On a note of agreement, I can say that we support the carriers. The carrier programme that the Government have developed will be essential to the concept of expeditionary warfare that they advocate. I welcome the fact that the drumbeats in the jungle suggest that the carrier size has gone back up to 60,000 tonnes. That will result in serious carriers that are capable of delivering what we all want to see. However, there is uncertainty about the programme. We have heard reports that the MOD wants to take control of the programme, instead of making BAE Systems the prime contractor, or to hand it over to AMEC. Despite having the excellent Syd Gillibrand as its leading light, that company has not had great experience in running such a programme.

The Government are also ransacking the cupboard for other savings. Earlier this week, the Under-Secretary smuggled out a written statement, blandly called "Estate Rationalisation: Presentation Strategy", the key sentence of which reads:

As the Member of Parliament for Aldershot, I hope that the Minister can tell me whether the review will apply to Aldershot and Tidworth, which are currently the subject of Project Connaught, which will see more than 25 per cent. of the Aldershot garrison sold for housing. If there is to be a further fire sale of military assets, where will the Government house the 8,000 troops they will bring back from Northern Ireland under that peace dividend? Where will the 20,000 troops presently in Germany be stationed if they are pulled back—as they will be at some point? Will not a policy of super garrisons substantially reduce the military footprint in the UK?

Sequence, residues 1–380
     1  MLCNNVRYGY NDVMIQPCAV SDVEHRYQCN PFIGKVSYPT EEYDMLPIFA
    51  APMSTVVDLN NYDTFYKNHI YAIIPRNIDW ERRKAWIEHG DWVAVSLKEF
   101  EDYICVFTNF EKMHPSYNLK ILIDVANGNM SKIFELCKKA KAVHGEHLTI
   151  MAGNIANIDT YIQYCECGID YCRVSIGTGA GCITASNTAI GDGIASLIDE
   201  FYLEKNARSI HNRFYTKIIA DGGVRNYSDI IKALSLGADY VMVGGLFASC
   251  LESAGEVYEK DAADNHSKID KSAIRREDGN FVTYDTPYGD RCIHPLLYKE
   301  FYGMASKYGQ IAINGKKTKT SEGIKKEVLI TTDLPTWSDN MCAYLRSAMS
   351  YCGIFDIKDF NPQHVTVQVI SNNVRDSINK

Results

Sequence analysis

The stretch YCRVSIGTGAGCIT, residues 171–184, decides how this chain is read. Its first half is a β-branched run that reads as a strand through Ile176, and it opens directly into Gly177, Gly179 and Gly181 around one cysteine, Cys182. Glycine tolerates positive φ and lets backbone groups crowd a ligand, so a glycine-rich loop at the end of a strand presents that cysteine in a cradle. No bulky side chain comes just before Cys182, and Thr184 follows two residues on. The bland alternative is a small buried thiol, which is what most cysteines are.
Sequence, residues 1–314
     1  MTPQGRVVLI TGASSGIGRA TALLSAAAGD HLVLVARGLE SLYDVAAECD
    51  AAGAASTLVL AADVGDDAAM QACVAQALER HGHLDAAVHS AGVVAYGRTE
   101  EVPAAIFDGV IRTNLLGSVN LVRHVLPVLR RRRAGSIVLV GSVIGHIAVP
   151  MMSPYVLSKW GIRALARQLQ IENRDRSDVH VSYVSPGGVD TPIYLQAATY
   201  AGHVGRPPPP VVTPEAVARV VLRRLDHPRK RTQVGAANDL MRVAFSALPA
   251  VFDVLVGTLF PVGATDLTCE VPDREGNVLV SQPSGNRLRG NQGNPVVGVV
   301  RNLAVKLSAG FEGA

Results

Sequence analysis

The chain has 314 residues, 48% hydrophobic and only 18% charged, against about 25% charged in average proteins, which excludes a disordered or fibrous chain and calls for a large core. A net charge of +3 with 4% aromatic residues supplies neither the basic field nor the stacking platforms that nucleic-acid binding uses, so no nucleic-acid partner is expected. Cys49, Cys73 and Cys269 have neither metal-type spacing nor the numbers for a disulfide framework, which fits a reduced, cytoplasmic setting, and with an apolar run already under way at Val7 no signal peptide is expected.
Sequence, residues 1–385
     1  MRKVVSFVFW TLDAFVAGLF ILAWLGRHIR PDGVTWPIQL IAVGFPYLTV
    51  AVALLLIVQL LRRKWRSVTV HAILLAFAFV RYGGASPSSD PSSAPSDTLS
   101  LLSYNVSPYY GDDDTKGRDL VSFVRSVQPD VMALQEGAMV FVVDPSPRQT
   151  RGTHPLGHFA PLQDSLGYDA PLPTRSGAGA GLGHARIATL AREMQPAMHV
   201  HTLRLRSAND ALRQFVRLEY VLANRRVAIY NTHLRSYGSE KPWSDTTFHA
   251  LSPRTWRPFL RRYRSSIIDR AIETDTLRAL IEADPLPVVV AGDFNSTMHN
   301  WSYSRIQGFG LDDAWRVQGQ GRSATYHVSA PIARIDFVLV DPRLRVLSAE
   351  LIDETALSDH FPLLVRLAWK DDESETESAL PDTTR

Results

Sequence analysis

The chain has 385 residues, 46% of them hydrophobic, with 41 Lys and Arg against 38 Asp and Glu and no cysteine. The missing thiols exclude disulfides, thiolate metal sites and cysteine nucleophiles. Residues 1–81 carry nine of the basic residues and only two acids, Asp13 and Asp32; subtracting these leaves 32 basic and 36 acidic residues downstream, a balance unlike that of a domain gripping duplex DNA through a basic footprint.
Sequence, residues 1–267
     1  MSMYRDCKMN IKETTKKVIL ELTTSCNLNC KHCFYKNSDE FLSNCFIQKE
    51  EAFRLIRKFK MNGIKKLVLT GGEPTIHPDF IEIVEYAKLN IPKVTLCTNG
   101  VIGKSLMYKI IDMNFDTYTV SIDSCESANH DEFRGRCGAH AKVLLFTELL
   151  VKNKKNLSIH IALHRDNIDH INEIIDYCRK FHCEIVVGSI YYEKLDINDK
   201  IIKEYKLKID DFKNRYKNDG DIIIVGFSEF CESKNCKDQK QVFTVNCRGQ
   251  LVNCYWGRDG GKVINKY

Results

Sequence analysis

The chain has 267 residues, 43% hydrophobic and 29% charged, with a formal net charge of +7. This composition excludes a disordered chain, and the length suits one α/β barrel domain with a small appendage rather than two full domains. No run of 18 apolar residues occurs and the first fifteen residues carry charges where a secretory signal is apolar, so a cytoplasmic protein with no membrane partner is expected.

The White Paper sets out the Government's projections for the next 15 years. Admittedly, the last White Paper lasted only six years, but it is still a basis for today's discussions. The projections anticipate a level of military action similar to the recent pattern, which is well in excess of the level envisaged by the SDR just six years ago, and they do not fully quantify the effect of Islamic fundamentalist terrorism on our country. The truth is that manpower has been cut, increasing pressure on young service families. Training has been cut. The TA is running out of people to support the regulars. Numbers of aircraft, ships and armour are being reduced and assets are being sold.

Despite the dangerously uncertain world that we have entered, Ministers are taking gambles that capability gaps will not be exposed. They have failed to order essential battlefield equipment in time. The defence industrial policy, about which my right hon. Friend the Member for Fylde spoke so comprehensively, is, to quote a senior industrialist, "a shambles". We have

25 Mar 2004 : Column 1141

received no tangible dividend for the Prime Minister's support for the United States. As my right hon. Friend said, there should at least be a technical access agreement on the joint strike fighter. Where is that? What answer can the Minister give us about control of the British defence industrial base if that control is moving inexorably into the hands of the Americans? As we know, they have done us no favours in the commercial field. Political correctness inhibits training and the development of risk awareness.

All those points were summed up in the brutally frank admission made yesterday by the Prime Minister's personal adviser on defence, the Chief of the Defence Staff: the Army has been stretched to breaking point and cannot mount another Iraq-scale war for five years.

Let us hope our enemies are not listening.

Next Section

IndexHome Page